Clinical management
Immediate referral to a specialist clinic or a multidisciplinary foot clinic for management is indicated in any case of suspected CN (Chantelau, 2005). The primary goals of treatment are structural stabilisation of the foot and ankle, with maintenance of a plantigrade, stable foot, able to fit into a shoe, in order to prevent recurrence and reulceration. Immediate immobilisation and offloading of the foot and ankle remains the cornerstone therapy during the active stage of CN.

The medical management of CN has evolved over the past few years, with an emphasis on drugs that regulate osteoclatic activity because osteopenia has been shown to be more prevalent in patients with diabetic neuropathy and CN (Petrova et al, 2004). Bisphosphonates have been proposed as a treatment since they slow down osteoclastogenesis (Selby et al, 1994). However, a recent systematic review concluded that there is not enough evidence to support the use of bisphosphonates in the management of CN (Richard et al, 2012). Other methods, such as intranasal calcitonin and bone stimulation, have been studied, but randomised controlled trials are still lacking (Bem et al, 2006).

Offloading
Immediate immobilisation and offloading of the foot and ankle remains the cornerstone of therapy during the acute stage of CN (Stefansky and Rosenblum, 2005; van der Ven et al, 2009; Wukich and Sung, 2009). The goal of conservative treatment is to interrupt the destruction process and to maintain adequate foot and ankle alignment and a plantigrade position compatible with stability and walking.

The International Consensus on Charcot Foot recommends the use of a moulded below-knee fibreglass cast, which is easy to apply and strong enough to allow weight-bearing once it has set (Bakker et al, 2016). Non-removable casts should be changed within 1 week because if there is a prompt reduction in local inflammation, they rapidly become loose. Thereafter, casts need to be replaced every 1–3 weeks. Frequent replacement gives an opportunity for the foot to be checked — not least because the cast may cause abrasions of which the patient may be unaware because of the underlying neuropathy.

Non-weightbearing on the affected joint should be prescribed until the resolution of the destructive phase, in order to interrupt the cycle of repetitive trauma and to minimise fracture and debilitating deformities, until the clinical signs of acute inflammation completely regress, which will take 2–6 months (Pinzur et al, 2006; de Souza, 2008).

When to consider surgery
Surgical procedures are recommended when all conservative treatments fail to prevent ulcerations (Pinzur et al, 2006). The goals of surgical treatment are to preserve functional activity, to restore stability and alignment so that appropriate footwear or bracing is possible, and to prevent amputation.

The indications for CN surgery are: exostosis with high-risk of ulceration despite an optimal orthotic treatment, severe articular instability, pain associated with misalignment and relapsing wounds, associated osteomyelitis, and selected acute fractures (Burns and Wukich, 2008).

A complete workup and optimisation is important to achieve a successful surgical outcome and to stratify the risk of complication.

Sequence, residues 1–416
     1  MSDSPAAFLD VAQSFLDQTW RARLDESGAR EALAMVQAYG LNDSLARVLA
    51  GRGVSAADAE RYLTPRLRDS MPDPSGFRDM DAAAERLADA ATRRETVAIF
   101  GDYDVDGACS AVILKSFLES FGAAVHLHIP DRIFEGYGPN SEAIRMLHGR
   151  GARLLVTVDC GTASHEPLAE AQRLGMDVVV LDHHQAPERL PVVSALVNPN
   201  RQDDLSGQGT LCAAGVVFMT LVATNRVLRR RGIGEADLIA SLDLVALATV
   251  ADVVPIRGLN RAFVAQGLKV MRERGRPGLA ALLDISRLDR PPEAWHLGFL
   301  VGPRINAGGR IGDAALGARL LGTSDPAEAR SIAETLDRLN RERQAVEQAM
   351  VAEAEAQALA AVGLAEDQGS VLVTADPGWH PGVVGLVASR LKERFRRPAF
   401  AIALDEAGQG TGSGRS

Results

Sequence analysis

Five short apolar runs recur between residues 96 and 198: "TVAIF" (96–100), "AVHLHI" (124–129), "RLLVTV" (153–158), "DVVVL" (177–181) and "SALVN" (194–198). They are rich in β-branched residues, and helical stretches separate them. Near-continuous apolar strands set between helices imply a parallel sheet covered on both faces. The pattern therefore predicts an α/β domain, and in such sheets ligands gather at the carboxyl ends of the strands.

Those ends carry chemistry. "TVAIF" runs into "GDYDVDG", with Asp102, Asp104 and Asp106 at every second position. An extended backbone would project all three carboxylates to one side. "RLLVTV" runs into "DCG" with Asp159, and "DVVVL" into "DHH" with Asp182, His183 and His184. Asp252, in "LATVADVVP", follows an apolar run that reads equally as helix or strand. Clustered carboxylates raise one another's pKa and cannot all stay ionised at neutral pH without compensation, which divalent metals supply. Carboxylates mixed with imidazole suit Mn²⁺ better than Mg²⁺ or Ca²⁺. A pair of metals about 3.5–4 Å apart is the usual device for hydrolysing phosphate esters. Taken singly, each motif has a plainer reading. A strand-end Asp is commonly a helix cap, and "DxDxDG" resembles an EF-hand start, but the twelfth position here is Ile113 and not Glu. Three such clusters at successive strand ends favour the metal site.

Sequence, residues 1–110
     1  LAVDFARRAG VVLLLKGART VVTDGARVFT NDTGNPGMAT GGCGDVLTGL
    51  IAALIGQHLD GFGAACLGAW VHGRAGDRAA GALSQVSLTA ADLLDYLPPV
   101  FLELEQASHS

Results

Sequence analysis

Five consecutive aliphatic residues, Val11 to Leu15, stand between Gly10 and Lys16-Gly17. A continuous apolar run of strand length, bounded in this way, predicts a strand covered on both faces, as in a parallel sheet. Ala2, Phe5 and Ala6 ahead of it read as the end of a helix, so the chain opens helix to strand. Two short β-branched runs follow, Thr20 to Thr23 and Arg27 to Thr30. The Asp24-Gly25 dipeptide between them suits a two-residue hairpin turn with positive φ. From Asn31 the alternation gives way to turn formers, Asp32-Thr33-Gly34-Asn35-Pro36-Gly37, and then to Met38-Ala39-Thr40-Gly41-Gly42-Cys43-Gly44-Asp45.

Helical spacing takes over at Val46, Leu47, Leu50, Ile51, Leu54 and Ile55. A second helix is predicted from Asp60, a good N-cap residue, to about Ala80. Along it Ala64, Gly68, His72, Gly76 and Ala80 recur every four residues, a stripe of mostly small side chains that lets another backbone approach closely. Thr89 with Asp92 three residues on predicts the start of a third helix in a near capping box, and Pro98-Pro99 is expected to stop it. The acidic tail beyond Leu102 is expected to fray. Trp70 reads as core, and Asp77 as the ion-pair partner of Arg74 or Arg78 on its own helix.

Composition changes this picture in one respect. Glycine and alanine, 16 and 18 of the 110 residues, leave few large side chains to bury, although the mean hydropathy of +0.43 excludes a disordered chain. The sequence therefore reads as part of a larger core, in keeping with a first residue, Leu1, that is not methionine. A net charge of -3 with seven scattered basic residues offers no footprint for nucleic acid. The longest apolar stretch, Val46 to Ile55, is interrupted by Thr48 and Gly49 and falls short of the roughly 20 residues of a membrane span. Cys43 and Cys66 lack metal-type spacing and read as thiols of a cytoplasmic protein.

The preoperative evaluation should include knowledge of patient’s status, a cardiologic assessment, possibly integrated with a stress test to highlight an inducible ischaemic heart failure (Wukich et al, 2016), the evaluation of the quality of soft tissue, and an appropriate vascular assessment, and in case of critical limb ischaemia, a peripheral percutaneous or surgical revascularisation (Dalla Paola et al, 2016).

Surgical planning must take into account the clinical condition, with careful consideration of the exostoses and their location: the patient should be clinically evaluated in offloading and weight- bearing state. The standard X-ray will evaluate the deformity that is evident on the sagittal plane (Figure 1), assessing the lateral tarsal-first metatatarsal angle (Meary’s angle), cuboid height, medial column height, calcaneal fifth metatarsal angle, lateral tibio-talar angle, and the transverse plane (Wukich et al, 2014).

The appropriate timing for surgery is usually considered at Eichenholtz stage II–III, because in the active phase the risk of failure of stabilisation is considered high due to the active inflammatory status and to the osteoarticular destruction. However, some authors report successful arthrodesis and open reduction and internal or external fixation during the developmental stage: Simon et al (2000) reported the use of early arthrodesis for Eichenholtz stage I, noting the likelihood if anatomical reduction, clinical union, and stability with or without increased risk of complications.

There are no robust data on which to base a choice between surgical and non-surgical treatment during the active phase of CN. There are currently no data showing the opportunity to move surgery to earlier stages of the disease. The prevailing opinion is defined in the German-Austrian consensus statement that a deformed, but plantigrade, foot capable of full weight-bearing is not a candidate for surgery, and surgery should be considered only for cases with joint dislocation and significant instability because reduction and retention by means of casting is ineffective (Koller at al, 2011).